Re-thinking vocational education and training in Montenegro

Pioneering better governance and financing of vocational education and training in Montenegro

Montenegro has committed to reinforcing the governance and financing of its vocational education and training (VET) system in response to the results of a pioneering assessment carried out by the European Training Foundation (ETF) with the active participation of all partners in the country’s skills development system.

The assessment was presented to representatives of government, VET providers, social partners, employment services and civil society in Podgorica, Montenegro, on 4 October, at an event co-organised by the European Union (EU) Delegation to Montenegro, the ETF and the Montenegrin Ministry of Education. National stakeholders, together with experts from the ETF, the EU and other donors, took stock of the findings and exchanged views on the strengths and areas for improvement of the country’s vocational education and training system.

In response, national stakeholders committed to taking a more systematic and in-depth approach to VET governance and financing with a focus on moving towards a more holistic and result-oriented approach and enhancing private sector engagement. They also agreed to consider per capita funding as a more effective way of financing VET.

The assessment of the governance and financing of the country’s VET strategy was based on a methodology developed by the ETF at the request of the European Commission. It was being trialled for the first time in Montenegro prior to its roll-out to other countries.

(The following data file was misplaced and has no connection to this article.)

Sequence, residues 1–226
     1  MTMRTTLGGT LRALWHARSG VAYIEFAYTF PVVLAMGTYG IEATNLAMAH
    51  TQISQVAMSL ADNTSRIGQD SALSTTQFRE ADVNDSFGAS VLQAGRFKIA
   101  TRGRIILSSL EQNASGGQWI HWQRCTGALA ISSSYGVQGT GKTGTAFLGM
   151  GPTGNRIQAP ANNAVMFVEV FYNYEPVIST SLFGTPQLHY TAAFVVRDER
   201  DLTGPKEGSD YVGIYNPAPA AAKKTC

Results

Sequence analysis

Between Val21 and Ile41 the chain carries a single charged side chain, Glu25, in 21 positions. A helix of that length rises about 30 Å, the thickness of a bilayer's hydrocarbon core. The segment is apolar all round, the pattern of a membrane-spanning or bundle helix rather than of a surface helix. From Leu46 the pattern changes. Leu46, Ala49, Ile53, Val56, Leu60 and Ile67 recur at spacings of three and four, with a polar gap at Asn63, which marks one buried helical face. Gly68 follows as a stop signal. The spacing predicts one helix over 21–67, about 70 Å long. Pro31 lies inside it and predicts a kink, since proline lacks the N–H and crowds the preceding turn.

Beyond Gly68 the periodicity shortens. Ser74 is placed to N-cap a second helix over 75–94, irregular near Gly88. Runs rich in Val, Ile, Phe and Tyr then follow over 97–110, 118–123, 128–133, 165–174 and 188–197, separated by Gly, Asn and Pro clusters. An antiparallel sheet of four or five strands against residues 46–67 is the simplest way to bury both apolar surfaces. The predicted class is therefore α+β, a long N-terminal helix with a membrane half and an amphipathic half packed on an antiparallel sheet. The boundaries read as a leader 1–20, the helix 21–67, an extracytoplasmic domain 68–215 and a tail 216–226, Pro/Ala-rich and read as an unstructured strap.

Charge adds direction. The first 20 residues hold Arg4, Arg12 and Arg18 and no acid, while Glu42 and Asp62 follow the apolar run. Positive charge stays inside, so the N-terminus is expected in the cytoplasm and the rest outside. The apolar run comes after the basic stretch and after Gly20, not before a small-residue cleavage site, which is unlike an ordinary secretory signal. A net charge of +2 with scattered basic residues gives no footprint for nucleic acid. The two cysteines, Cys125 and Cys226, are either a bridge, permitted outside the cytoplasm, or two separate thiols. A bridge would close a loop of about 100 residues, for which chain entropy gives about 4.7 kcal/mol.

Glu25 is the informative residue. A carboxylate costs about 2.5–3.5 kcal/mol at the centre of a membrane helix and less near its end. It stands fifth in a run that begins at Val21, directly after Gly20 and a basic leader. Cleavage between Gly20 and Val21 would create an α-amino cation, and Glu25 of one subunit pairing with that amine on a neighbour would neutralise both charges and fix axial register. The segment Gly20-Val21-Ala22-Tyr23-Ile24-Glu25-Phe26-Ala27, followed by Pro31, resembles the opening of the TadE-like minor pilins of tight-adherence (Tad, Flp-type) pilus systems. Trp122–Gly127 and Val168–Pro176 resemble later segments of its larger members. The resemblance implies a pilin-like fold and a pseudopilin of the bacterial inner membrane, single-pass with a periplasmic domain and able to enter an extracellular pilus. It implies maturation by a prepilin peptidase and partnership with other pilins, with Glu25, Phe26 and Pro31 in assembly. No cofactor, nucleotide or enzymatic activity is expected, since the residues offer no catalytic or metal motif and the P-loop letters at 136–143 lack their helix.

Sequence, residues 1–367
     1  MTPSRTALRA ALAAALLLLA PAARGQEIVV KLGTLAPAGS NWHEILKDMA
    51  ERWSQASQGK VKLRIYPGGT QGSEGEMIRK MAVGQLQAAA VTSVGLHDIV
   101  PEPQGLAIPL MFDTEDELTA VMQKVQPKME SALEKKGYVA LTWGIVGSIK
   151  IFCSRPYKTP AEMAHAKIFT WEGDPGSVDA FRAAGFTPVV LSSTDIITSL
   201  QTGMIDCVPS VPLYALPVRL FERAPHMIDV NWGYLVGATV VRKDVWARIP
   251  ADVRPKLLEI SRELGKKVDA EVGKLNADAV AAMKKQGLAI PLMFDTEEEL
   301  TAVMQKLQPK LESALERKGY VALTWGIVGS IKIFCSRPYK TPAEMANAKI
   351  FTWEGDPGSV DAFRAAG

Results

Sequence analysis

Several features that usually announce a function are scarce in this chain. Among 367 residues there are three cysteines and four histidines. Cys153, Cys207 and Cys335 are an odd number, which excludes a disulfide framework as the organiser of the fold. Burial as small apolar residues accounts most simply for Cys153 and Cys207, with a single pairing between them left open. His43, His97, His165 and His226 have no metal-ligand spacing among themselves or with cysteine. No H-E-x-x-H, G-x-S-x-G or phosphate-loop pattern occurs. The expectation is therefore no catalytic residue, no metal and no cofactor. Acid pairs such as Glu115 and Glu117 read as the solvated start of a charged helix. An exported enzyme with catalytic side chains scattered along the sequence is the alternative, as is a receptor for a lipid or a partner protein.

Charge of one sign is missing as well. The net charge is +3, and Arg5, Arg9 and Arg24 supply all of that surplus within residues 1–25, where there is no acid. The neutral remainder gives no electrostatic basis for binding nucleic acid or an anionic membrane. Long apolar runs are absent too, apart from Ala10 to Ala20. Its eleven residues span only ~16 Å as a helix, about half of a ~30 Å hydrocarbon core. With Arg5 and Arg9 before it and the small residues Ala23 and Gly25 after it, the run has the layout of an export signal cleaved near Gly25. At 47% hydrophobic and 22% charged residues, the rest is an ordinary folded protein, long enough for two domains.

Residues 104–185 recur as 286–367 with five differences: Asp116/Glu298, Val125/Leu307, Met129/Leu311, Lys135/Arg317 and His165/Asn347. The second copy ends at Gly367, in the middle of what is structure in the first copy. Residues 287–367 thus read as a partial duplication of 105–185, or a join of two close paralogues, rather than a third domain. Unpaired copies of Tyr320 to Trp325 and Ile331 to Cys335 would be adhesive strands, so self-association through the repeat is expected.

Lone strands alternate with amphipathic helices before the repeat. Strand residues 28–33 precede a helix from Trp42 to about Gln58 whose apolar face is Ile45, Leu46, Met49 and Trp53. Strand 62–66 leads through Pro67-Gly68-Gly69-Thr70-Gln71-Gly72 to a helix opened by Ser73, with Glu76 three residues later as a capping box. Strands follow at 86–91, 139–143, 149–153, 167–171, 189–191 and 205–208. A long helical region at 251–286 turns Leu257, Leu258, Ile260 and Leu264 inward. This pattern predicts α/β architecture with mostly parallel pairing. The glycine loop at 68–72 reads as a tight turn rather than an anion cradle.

Christophe Masson of the European Commission praised Montenegro for being a pioneer in successfully addressing the highly sensitive issues of governance and financing. “We could have failed“, he said, “but this did not happen. You can be proud”.

While stakeholders take an active interest in VET policy from design to implementation, the assessment highlighted the need for better inter-ministerial coordination, more active participation of business and civil society, more school autonomy and new resource allocation mechanisms, such as per-capita funding. Better governance requires a shared monitoring and evaluation framework.

Mr Marko Vukasinovic of the Ministry of Education welcomed the timeliness of the policy recommendations with a view to preparations for the post-2020 strategy. Mr Hermann Spitz, Head of Cooperation at the European Union Delegation to Montenegro told the participants that the  assessment is “yet another opportunity for you to voice your views and shape future VET policies as well as the utilisation of IPA[1] funds”. The EU has earmarked an additional €10.5 million in 2017/2018 for education, employment and other social sectors.

While stressing the ETF’s commitment to support Montenegro’s policy response to the assessment findings, in cooperation with the EU Delegation, Ms Carmo Gomes, Head of the ETF’s Country Intelligence Unit, proposed to showcase the Montenegrin Government’s boldness in tackling the sensitive issue of governance and financing at the South Eastern Europe and Turkey (SEET) Ministerial Meeting on VET.

[1] Instrument for Pre-accession Assistance, main source of EU funding in candidate countries like Montenegro

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